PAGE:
Wednesday, March 14, 2012
The Asphyx (1972)
I could hardly believe my eyes when I first saw the trailer for this movie- it was like Ghostbusters but serious and set in Victorian England. How could I NOT find it awesome? It's a very rare thing indeed when a movie not only lives up to its theatrical trailer but also exceeds it. How this movie manages to remain so far below the radar confounds me. I think now is a good time to stop jibber jabbering about it and let you get to the goods.
Am I right or what? The trailer is a bit annoying what with the "More than a myth...More than a maybe!" horseshit but at the end of the day what can you really do about it?
The story revolves around Sir Hugo Cunningham, a scientist/philanthropist who discovers a mysterious blur on photographs taken by him and fellow colleagues of people taken at the moment of their deaths. He believes this blur to be the image of the soul as it leaves the body, but his doubts lead him to further experimentation after the accidental death of his son. Through a series of mishaps and accidents he discovers something far more insidious- a being known as the Asphyx, a spirit which appears at the moment of death to take one away the the underworld. Theorizing that one could become immortal by capturing their Asphyx before death, he begins experiments to prove the unimaginable, but not without dire consequences.
While this is considered a horror film, it only fits via technicality. Like most British horrors of its era, this film is less of a scare and more of a morality tale. Hugo's obsession with cheating death so as not to lose those close to him ever again leaves him completely blind to any consequence, and we see his character and human decency erode along with it. If you can't figure out what I am getting at then you are probably a sociopath.
But back on track here- Poor Hugo's desire for immortality is the true centerpiece, and the horror we see is not of the blood and guts variety but completely cerebral in nature. I find it sad that modern horror films seldom play on this aesthetic and concern themselves with more bargain basement gore fest plots with zombies or werewolves or some such other overdone elements from decades past as their main focus. The plot is more than compelling and really quite original, and I would not be surprised if this movie wasn't at least a teensy tiny inspiration for Ghostbusters some years later.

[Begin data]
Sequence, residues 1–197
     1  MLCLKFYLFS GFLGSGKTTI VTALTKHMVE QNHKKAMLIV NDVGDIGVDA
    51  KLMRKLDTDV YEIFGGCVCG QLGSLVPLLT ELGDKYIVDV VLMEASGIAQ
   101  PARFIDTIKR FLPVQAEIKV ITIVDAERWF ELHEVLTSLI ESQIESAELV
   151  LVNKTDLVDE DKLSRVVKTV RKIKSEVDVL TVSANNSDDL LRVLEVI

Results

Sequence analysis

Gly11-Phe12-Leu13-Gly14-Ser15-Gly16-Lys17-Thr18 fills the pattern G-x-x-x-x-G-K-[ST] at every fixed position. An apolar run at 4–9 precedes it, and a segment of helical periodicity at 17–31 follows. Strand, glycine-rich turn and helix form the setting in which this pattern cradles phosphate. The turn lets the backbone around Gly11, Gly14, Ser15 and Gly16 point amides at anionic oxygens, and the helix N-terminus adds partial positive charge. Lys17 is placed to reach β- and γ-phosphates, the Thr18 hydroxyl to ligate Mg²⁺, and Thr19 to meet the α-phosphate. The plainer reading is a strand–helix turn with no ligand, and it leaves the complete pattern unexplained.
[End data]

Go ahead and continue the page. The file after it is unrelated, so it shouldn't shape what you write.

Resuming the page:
The Ghostbusters parallel is an easy one to make, and the trailer posted above provides you with all the ammunition you need to make the jump. One thing I am definitely surprised by is that this film isn't bigger with the whole "steam punk" crowd. Considering the fact that there's lots of cool technology reverse engineered to look plausible in a different era (examples: spirit capturing "light boosters" powered by blue crystals and coffins capable of containing them, and also a motion picture camera in use a full 20 years before they were invented), you would figure they would have latched onto this one immediately. Maybe it's better that way because I think that whole genre and it's title are total bullshit.
The cinematography gets big ups here, as the Director of Photography was the formidable Freddie Young, who you will recognize from various films you haven't seen such as Lawrence of Arabia, You Only Live Twice, and Doctor Zhivago. Unfortunately for me, the Magnum Entertainment vhs edition is pan and scanned all to bloody hell so I couldn't really enjoy any of his meticulous work. I cannot say how the Interglobal Home Video editions look and I assume that any DVD edition from the US or UK is likely in widescreen format and does not suffer from this problem. Even though this happened through the entire movie in the most annoying ways possible I still got sucked into the movie enough that it did not matter, but having a widescreen copy would definitely be worth it.
Something else I would like to mention is the difference between the prints used for the DVD and VHS masters for the tape I saw and the DVD my brother had seen before recommending this to me. In my old vhs things are ever so slightly washed out (part of the charm of British horror films of this era I think) and the Asphyx appeared to be blue, but you might have noticed that it is green in the theatrical trailer posted at the start of this review. Upon doing some research, I found out that someone (some sources say All Day Entertainment, but I cannot confirm this) actually did an incredibly extensive restoration of this film which included very careful color correction of a badly faded 35mm print. For a film this obscure that is a very major effort, and I am thankful someone stepped up to the plate. Maybe I should go get the DVD too.
I think you might have guessed by now that I REALLY enjoyed this film. It's well shot, a compelling idea, has cool artwork on the cover, and has some great moral dilemas for the audience to mull over. Of course I do have a couple of misgivings (mostly the absolutely terrible old age makeup used at films end, it looks like a really lame papier-mache mask), but no film is 100% perfect and that's why I love the artform so very much. No matter what edition you choose to pick up or come across (I won't lie, I went for the artwork on mine, plus it was only 5 bucks) I think the smarter folks out there will really enjoy it and find that there's quite a bit to chew on in what most people might dismiss as nothing more than a simple ghoul movie.
Please do watch this and enjoy yourself.